One interesting parameter is the ThreadOption when subscribing.

  • Publisher Thread – The default setting. So, the subscribers will block the publisher.
  • UI Thread – n/a for how I would want to use it.
  • Background Thread – that’s the ticket.

As I’ve mentioned before, my event bus is ILocalBus, and the implementation of it is StupidBus. I called it that to make sure it’s never accidentally over glorified. Yes, it’s really cool and really simple. It lets objects that know not of each other’s existence communicate with one another. But, in the end, it’s done with simple .net constructs. I see how I would like it to evolve, but chances are there’s already an object out there ready to go. Maybe the Prism EventAggregator is that class.

What I Read Yesterday–SignalR

February 17, 2012

When WebSockets make their debug for .NET (Windows 8 and .NET 4.5), you will be able to persist a channel between the browser and the webserver, and the webserver will be able to feed the page live updates, etc.

In the meantime, if you want to update the page, the out-of-the-box way to do it is through polling. In DevDash, the status page checks the server every several seconds for the latest node statuses.

SignalR provides a better way to do this (as do other products that the SignalR links refer to). It achieves live updates by LONG POLLING. The page basically makes a request for a resource on the web server, and that resource blocks until there is something to respond with. As soon as there is something to respond with, the page receives the data and can update automatically.

On the server, you can indicate which javascript method to call on the page.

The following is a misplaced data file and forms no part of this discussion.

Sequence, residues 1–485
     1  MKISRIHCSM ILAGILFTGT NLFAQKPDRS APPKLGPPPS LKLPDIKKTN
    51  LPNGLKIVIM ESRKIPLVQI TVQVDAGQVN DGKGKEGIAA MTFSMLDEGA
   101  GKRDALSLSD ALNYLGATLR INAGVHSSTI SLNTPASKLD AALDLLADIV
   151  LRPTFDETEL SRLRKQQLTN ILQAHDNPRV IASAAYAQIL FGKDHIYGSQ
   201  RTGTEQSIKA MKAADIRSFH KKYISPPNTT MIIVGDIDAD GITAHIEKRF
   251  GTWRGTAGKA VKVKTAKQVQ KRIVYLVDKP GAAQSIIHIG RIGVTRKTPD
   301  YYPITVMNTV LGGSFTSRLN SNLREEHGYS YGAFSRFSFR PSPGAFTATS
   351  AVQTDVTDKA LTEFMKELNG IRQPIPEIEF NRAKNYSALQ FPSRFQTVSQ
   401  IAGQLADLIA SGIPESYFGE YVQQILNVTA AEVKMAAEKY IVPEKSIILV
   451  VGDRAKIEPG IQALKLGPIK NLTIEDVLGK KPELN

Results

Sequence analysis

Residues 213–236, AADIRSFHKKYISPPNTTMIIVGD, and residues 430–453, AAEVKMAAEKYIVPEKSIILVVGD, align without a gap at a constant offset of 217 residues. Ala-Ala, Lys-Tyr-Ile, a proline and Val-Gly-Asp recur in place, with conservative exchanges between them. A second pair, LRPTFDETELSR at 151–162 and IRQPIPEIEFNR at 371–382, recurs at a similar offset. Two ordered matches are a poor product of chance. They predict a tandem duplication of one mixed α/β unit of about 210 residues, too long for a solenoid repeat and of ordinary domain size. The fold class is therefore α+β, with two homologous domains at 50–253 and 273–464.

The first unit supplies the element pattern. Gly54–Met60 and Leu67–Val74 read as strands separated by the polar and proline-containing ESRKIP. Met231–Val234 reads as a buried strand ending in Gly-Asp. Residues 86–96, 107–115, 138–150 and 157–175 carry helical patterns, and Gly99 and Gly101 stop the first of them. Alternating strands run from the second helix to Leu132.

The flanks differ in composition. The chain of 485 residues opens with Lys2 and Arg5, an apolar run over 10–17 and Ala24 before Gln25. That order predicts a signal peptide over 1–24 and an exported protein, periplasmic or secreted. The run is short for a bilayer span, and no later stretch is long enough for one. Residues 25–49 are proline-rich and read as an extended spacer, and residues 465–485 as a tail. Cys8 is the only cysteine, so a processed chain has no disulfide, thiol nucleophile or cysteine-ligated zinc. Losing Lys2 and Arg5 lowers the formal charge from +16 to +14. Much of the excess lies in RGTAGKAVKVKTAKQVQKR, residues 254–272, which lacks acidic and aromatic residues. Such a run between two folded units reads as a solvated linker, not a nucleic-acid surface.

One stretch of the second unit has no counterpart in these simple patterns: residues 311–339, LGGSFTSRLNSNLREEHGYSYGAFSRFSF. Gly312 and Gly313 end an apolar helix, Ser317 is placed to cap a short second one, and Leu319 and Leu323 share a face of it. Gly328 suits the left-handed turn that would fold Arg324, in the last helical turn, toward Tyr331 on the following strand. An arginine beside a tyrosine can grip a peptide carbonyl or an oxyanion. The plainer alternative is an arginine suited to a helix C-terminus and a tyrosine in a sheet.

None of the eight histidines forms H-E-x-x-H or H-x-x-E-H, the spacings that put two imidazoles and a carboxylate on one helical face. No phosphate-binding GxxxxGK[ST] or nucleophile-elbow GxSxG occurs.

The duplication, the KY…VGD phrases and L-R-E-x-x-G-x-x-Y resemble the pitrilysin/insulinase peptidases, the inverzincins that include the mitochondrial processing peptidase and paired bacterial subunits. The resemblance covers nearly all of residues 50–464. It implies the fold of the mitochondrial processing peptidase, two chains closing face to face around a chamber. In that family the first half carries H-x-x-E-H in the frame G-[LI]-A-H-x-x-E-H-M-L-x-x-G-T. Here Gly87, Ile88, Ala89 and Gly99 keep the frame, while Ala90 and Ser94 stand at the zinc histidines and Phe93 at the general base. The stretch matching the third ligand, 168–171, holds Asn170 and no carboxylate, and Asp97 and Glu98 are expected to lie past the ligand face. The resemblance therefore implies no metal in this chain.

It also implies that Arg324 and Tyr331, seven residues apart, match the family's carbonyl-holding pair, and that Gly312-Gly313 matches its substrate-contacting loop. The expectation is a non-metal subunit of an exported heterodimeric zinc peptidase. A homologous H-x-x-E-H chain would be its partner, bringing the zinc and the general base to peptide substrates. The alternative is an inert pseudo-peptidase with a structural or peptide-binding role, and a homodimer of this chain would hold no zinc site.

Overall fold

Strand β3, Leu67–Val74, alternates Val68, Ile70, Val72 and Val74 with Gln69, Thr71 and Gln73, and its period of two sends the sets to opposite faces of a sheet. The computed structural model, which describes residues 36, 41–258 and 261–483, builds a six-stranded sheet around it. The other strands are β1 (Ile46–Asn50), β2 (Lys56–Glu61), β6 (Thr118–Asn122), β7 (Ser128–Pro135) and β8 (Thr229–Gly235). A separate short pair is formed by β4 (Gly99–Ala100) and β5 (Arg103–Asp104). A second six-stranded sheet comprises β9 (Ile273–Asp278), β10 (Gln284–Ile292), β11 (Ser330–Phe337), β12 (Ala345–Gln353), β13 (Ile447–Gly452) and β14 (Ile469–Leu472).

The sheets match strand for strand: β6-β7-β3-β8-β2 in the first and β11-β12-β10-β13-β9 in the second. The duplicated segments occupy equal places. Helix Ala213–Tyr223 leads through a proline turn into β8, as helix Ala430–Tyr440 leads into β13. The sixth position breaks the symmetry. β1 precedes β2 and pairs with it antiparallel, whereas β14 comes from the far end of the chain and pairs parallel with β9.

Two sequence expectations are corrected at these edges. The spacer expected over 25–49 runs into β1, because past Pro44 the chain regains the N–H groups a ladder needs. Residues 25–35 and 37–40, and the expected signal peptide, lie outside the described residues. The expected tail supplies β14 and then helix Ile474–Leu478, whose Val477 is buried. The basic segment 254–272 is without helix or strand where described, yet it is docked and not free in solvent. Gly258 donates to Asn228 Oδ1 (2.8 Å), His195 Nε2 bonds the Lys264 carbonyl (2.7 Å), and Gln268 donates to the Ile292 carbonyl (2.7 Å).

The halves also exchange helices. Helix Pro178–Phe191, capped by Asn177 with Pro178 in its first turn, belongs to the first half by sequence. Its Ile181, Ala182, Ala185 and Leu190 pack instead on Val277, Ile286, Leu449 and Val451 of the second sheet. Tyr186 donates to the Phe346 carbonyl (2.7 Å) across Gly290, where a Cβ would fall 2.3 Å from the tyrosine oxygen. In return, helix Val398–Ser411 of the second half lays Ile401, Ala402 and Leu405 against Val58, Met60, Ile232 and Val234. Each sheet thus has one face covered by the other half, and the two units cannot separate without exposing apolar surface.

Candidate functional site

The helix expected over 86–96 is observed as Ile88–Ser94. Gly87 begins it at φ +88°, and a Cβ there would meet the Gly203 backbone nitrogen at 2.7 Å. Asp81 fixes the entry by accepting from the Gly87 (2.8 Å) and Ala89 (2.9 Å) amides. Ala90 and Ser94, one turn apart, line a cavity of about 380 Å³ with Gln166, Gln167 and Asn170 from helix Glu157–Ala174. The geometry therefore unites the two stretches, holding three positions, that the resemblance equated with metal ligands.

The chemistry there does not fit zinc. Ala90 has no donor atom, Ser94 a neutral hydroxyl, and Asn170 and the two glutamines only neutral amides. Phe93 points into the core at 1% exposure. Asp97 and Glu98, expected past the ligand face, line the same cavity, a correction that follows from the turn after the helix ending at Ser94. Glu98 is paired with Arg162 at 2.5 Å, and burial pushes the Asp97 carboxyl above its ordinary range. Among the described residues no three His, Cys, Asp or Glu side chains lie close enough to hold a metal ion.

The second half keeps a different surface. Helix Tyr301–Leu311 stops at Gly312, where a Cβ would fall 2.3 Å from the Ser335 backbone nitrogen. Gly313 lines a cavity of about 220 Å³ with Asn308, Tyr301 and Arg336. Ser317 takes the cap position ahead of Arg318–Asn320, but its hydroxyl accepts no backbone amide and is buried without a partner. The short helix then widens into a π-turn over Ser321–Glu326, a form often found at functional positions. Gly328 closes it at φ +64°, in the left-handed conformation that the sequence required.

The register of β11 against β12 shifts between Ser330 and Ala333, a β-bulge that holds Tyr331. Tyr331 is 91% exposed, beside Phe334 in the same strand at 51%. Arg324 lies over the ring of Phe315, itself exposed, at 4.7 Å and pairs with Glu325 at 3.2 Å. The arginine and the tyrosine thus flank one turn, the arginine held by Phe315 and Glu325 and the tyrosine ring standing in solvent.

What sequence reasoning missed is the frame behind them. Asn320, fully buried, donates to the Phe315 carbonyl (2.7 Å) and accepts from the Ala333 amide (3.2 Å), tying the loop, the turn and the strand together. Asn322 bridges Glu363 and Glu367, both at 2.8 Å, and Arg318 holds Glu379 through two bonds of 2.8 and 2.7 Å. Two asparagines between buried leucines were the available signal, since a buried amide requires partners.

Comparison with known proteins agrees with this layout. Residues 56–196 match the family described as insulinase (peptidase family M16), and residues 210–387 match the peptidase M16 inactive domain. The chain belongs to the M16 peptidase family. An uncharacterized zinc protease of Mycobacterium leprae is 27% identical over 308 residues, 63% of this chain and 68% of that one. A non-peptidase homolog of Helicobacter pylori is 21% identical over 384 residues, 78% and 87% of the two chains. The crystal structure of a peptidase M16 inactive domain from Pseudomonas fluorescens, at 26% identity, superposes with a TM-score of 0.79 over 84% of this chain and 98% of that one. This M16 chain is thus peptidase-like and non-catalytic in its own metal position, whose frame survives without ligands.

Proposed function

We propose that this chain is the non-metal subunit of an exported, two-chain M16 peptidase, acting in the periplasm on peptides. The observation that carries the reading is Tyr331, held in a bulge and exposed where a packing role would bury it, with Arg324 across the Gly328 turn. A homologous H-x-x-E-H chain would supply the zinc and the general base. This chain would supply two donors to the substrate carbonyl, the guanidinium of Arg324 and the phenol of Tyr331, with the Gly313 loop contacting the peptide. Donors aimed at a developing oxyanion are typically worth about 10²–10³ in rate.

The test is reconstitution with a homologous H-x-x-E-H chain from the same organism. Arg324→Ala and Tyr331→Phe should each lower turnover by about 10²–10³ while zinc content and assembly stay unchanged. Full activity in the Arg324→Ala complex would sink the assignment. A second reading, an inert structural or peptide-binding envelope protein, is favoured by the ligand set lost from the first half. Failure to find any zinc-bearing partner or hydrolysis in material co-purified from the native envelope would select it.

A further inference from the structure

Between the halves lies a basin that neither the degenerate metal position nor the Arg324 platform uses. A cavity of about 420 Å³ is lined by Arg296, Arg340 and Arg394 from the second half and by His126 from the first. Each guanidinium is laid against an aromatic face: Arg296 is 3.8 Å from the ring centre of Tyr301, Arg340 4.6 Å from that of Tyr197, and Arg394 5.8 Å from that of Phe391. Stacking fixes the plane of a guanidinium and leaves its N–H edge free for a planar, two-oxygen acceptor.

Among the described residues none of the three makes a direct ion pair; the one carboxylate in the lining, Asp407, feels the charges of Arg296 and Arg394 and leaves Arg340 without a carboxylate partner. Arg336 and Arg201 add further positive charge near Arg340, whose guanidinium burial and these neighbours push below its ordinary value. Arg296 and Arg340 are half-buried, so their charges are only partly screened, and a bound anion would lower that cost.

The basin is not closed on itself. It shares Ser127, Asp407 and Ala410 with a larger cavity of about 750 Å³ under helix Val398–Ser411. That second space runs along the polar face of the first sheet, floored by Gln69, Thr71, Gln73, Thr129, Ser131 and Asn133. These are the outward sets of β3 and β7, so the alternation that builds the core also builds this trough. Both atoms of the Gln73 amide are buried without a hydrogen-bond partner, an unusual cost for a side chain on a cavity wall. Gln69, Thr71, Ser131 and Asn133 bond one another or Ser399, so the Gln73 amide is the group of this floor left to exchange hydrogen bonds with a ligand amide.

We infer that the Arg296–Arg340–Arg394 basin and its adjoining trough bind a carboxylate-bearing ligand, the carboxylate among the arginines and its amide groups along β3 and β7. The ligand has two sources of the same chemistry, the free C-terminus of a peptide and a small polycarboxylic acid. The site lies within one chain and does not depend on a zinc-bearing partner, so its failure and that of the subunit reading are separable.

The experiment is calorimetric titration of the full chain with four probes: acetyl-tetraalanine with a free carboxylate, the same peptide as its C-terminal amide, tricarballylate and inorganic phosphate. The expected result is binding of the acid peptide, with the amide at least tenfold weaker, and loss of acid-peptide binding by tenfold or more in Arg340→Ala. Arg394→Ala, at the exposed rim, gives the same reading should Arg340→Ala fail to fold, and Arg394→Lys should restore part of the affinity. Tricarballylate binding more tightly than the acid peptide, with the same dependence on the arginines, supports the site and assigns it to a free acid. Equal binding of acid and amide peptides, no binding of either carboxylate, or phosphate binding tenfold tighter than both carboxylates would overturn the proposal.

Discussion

I don’t have any hands on experience with this, but it reads great. There are several places in DevDash where I can use this.

It works in other client scenarios too, although the Javascript client is the one I’m most interested in at the moment.

It also has built in support for WebSockets if the browser and server supports it. That will allow you to use the same SignalR api via the websocket rather than via long polling.



What I read (and watched) today: Reactive Extensions

February 16, 2012

Reactive extensions have been around for a while now. They exist for .NET languages and, cleverly, in javascript. The idea is that instead of looking for things, things are pushed to you. We talk about this approach in work pretty regularly. It’s the utopian dream of event driven processes. When something happens, you just announce it, and whoever cares will consume it.

Reactive Extensions are in that ballpark. It’s based on observable collections. It let’s you write event handlers in LINQ.

I read a bunch of stuff on it, and watched some videos. So, not quite an expert. I’m going to keep going with this for at least another day. I’m about 1/2 way through the last video.